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October Tourism Authority Report: Maui County Vacation Rentals at 21% and Hotels at 14.2% Occupancy | Maui Now

 

Maui vacation rental

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The Hawaiʻi Tourism Authority (HTA) released its Hawaiʻi Vacation Rental Performance Report for October. It shows Maui County had the largest vacation rental supply of all four counties with 138,500 available unit nights, which was a decrease of 53.5 percent compared to a year ago.

Unit demand was 29,051 unit nights (-87.6%), resulting in 21 percent occupancy (-57.6 percentage points) with an average daily rate (ADR) of $227 (-36.2%). Maui County hotels were 14.2 percent occupied with an ADR of $226.

For the entire state, the total monthly supply of statewide vacation rentals was 373,600 unit nights (-57.0%) and monthly demand was 85,000 unit nights (-86.4%), resulting in an average monthly unit occupancy of 22.7 percent (-49.1 percentage points). Hawaiʻi’s hotels had an average occupancy rate of 19.7 percent.

It is important to note that unlike hotels, condominium hotels, timeshare resorts and vacation rental units are not necessarily available year-round or each day of the month and often accommodate a larger number of guests than traditional hotel rooms. The unit average daily rate (ADR) for vacation rental units statewide in October was $208, which was higher than the ADR for hotels ($174), according to the report.

The state’s pre-travel testing program started on Oct. 15, allowing passengers arriving from out-of-state and traveling inter-county to bypass the mandatory 14-day self-quarantine with a valid negative COVID-19 test result from a trusted partner. All other transpacific travelers continued to be subject to the 14-day self-quarantine. The counties of Kauaʻi, Hawaiʻi, Maui and Kalawao (Molokai) also had a partial quarantine in place in October.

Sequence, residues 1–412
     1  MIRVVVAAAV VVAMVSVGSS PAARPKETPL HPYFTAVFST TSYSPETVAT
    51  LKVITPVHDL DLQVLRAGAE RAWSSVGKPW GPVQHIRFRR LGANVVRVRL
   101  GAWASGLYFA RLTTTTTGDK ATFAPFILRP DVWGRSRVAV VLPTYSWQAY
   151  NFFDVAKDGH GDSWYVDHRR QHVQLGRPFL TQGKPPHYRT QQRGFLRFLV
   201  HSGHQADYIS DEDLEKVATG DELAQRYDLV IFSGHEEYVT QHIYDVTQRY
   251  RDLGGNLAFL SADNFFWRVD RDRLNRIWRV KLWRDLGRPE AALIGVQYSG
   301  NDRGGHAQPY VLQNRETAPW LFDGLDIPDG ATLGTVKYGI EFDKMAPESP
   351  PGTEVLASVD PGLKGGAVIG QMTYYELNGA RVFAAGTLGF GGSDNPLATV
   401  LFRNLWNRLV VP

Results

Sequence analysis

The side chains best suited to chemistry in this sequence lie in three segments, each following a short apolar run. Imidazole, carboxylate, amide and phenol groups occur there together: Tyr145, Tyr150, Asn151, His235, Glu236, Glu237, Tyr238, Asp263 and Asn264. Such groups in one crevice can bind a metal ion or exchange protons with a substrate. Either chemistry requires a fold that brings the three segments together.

For Maui County, travelers awaiting their pre-travel test results were allowed to stay at a vacation rental as their place of quarantine. On Hawaiʻi Island and Kauaʻi, legal short-term rentals were allowed to operate as long as they were not being used as a quarantine location.

On Oahu, short-term rentals (rented for less than 30 days) were not allowed to operate at the beginning of October. However, when Oahu moved to Tier 2 of its Reopening Plan on Oct. 22, legal short-term rentals were allowed to reopen.

Other Island Highlights:

Oahu vacation rental supply was 96,500 available unit nights (-59.4%) in October. Unit demand was 26,300 unit nights (-84.6%), resulting in 27.2 percent occupancy (-44.3 percentage points) and an ADR of $173 (-32.7%). Oahu hotels were 22 percent occupied with an ADR of $158.

The Big Island vacation rental supply was 80,000 available unit nights (-61.7%) in October. Unit demand was 17,416 unit nights (-86.7%), resulting in 21.8 percent occupancy (-40.8 percentage points) with an ADR of $192 (-26.3%). Big Island hotels were 19.8 percent occupied with an ADR of $140.

Kauaʻi had the fewest number of available unit nights in October at 58,500 (-52.5%). Unit demand was 12,300 unit nights (-86.1%), resulting in 21.0 percent occupancy (-50.6 percentage points) with an ADR of $261 (-34.2%). Kauaʻi hotels were 21.3 percent occupied with an ADR of $212.

The entire report is available by clicking here.

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Los Angeles County dining; Nevada ‘pause’; 256K US deaths

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Pfizer CEO Albert Bourla said the company also plans to submit it’s COVID-19 vaccine to other regulatory authorities around the world.